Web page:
The thinking that Nietzsche affirms is that thinking which shifts the place where new valuations will become possible. “Values” are conceived as conditions of will to power and beings as a whole are thought of in terms of values. Our language of “empowerment” and “quality of life” are examples of the values-thinking permeating our modern discourse. The value of the totality of beings is captured in Nietzsche’s concept of “eternal recurrence of the same” i.e. the value of the whole cannot be determined but evolves perpetually.

Nietzsche conceives all “meaning” as “purpose” and “end”, and purpose and end are values. Therefore, he can say that “absolute valuelessness”, that is meaninglessness, “aimless in itself”,  is “a fundamental tenet of faith for the nihilist”. Today, science attempts to ignore its own crisis in its understanding of its meaning and purpose and it is indicative that science is will to power for its own sake, the simple will to will. As science, as knowledge, it is “useless” and “valueless”.

Nietzsche/Darwin: Part IX-B: Education, Ethics/Actions: Contemplative vs. Calculative Thinking

If the intelligence is to be illuminated by love, how has this love and its attention, receptivity and consent to otherness been put aside in our relations to other human beings and to the things of this world through our understanding of mathematics, its teaching to our young people, and its uses even as we are not consciously aware of the effects of this paradigm of knowledge on our actions in our day-to-day lives?

Before going on to outline what nihilism is in detail, we will be discussing how our understanding of mathematics has come to determine the principles for our actions i.e. how mathematics as algebraic calculation, the logos/logic, our account of things, determines our ethics or our practical actions. In doing so, we will look at some of the differences between what is called calculative thinking and what is called contemplative thinking or what has been referred to as “attention” in the other writings. If the intelligence is to be illuminated by love, how has this love and its attention, receptivity and consent to otherness been put aside in our relations to other human beings and to the things of this world through our understanding of mathematics, its teaching to our young people, and its uses even as we are not consciously aware of the effects of this paradigm of knowledge on our actions in our day-to-day lives?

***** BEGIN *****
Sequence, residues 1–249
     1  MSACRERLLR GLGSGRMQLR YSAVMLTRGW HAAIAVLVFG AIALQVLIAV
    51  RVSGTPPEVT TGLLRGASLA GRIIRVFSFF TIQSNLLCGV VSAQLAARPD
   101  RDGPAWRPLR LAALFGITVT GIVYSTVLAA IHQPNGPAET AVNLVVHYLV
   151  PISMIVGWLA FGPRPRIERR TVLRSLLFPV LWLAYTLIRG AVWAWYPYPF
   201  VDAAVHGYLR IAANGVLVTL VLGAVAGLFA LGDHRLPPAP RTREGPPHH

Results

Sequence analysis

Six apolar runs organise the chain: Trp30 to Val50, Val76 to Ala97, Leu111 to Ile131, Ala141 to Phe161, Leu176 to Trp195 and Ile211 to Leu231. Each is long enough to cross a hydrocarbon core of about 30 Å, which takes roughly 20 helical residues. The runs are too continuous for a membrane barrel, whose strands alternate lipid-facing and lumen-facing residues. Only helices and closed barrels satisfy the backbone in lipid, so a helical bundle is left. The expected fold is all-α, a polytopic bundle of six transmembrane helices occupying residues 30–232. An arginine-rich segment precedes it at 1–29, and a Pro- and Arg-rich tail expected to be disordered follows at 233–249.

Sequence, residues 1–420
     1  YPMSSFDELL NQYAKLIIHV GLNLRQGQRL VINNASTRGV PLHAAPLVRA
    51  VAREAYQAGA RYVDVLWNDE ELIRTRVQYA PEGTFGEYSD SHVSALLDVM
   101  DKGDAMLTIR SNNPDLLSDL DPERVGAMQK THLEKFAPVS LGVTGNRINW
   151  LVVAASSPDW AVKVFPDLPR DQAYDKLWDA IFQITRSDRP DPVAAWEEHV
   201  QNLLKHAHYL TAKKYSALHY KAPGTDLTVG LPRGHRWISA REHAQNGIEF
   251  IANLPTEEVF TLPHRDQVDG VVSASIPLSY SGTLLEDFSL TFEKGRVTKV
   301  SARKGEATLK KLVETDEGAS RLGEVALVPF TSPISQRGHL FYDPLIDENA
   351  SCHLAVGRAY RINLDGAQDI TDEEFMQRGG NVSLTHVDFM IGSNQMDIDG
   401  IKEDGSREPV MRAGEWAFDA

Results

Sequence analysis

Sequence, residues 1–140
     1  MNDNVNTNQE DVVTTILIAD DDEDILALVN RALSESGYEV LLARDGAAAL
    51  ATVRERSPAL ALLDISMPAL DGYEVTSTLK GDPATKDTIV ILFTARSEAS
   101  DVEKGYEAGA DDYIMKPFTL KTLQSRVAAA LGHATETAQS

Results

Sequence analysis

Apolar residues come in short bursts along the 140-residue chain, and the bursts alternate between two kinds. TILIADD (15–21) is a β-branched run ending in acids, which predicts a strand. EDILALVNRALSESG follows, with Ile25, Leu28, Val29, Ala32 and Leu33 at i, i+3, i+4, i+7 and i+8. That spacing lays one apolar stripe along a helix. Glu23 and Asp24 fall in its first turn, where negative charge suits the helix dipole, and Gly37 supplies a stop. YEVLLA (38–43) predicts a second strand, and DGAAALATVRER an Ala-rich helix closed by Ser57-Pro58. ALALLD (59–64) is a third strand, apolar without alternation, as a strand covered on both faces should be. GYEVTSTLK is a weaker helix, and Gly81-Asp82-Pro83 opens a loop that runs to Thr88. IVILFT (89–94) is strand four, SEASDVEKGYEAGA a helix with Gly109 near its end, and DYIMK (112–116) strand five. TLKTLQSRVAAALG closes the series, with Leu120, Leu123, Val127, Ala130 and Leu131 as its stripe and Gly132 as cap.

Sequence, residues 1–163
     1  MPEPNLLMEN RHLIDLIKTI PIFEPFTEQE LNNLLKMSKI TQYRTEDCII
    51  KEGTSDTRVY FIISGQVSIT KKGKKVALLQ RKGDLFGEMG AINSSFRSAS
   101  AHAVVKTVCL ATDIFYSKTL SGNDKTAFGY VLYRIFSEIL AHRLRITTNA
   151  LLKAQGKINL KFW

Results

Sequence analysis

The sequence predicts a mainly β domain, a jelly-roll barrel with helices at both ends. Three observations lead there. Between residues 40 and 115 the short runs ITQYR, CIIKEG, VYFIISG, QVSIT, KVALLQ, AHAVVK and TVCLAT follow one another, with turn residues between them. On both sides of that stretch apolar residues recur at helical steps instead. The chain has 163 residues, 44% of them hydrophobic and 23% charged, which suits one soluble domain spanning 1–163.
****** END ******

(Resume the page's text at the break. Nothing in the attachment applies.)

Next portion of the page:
In this writing, an examination of a passage from Shakespeare’s King Lear will help us to understand how the Greeks understood the relation of mathematics to human actions and how we have come to misinterpret the famous passage of the Sophist Protagoras who said that “Man is the measure of all things”. We will attempt to make a distinction between Cartesian subjectivity and Protagoras’ statement and illustrate how our understanding of the world and our being in it shapes our understanding of the “shared knowledge” that we have inherited from the past using the Protagoras example as a case of mininterpretation. It should become clear that this writing deals with some of the most important matters for thinking although it provides only hints at possible directions that could lead to further thought.